Remember, there are five senses, with the sixth sometimes thrown in – I’ll talk about that later. I’ve already talked about smell, taste and hearing. They’re all critically important, especially in erotica. But visual description is probably the most important element in any descriptive passage. Vivid descriptions of smells, sounds and tastes can evoke powerful feelings of “being there” in the reader. But most of the time, if the reader can’t “see” what’s happening, you won’t even get that far.

What do readers want to “see” when they read erotica? The answer is, whatever the author feels they need to see – honestly, the reader is in your hands. The expectations may be standardized, but that doesn’t mean you need to stick with them. You can do whatever you want to do in a story, obviously, and whether it works for an individual reader is less important than whether it works for you (as a writer, and when you read it later).

But if you’re looking to strengthen your erotic writing, think about how your characters’ visual experience is being related. In this first column about visual cues, I’m going to talk about describing bodies.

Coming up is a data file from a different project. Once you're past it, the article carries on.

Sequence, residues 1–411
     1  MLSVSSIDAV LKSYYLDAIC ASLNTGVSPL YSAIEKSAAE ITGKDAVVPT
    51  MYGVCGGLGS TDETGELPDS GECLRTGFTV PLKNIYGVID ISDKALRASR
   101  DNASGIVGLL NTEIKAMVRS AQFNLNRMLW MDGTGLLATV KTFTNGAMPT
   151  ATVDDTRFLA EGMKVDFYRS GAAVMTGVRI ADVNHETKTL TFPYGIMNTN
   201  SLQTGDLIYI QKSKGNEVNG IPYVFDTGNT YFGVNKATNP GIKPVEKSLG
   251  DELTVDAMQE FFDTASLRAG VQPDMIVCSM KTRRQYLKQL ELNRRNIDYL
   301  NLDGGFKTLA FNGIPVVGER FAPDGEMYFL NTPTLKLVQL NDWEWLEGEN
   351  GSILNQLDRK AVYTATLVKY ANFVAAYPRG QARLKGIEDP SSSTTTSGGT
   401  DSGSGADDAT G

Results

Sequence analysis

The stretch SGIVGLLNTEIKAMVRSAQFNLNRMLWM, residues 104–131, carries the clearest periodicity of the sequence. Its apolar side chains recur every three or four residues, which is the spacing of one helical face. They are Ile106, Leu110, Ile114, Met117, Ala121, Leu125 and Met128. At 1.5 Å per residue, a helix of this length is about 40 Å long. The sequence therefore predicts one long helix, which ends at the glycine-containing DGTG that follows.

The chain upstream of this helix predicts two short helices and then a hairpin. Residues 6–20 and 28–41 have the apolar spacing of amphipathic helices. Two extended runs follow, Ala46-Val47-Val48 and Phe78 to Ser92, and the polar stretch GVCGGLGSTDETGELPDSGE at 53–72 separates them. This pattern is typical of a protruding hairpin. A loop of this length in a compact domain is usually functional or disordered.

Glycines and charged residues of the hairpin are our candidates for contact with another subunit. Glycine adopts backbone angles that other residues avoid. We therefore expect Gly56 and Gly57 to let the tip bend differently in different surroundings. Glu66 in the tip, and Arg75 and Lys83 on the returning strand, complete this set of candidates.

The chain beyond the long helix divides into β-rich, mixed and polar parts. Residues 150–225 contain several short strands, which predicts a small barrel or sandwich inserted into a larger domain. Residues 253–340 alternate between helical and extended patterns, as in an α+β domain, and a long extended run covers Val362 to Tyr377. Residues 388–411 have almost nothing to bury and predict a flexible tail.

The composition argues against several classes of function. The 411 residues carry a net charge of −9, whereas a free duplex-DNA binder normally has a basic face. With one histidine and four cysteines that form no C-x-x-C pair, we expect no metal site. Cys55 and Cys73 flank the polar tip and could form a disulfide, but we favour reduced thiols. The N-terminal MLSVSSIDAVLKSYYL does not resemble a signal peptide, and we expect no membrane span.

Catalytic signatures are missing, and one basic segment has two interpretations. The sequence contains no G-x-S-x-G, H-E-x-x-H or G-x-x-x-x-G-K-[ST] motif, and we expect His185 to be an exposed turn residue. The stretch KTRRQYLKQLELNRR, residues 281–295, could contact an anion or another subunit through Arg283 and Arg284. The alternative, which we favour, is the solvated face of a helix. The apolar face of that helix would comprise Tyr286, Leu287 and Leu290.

Now, erotic fiction isn’t just about bodies; I’d even go so far to say it doesn’t need to be mostly about bodies. It’s probably strongest and most memorable when it depicts the brains and minds and souls and interactions of the characters, rather than just their bodies and how they fit together.

But any kind of erotica gives the reader permission to think about bodies. That’s where it’s okay for them to read (and for you to write) all those dirty things you wonder about other people. More importantly, in erotica the body is the way characters express themselves. Most of the time you’re going to need to describe them.

When I say “bodies,” I’m including faces, incidentally.

Which brings me to a good point. In non-erotic fiction, there are certain areas of the body that are considered appropriate to describe. These include faces, hair, maybe shoulders, hands, arms, and attributes like height and weight – not to mention clothes.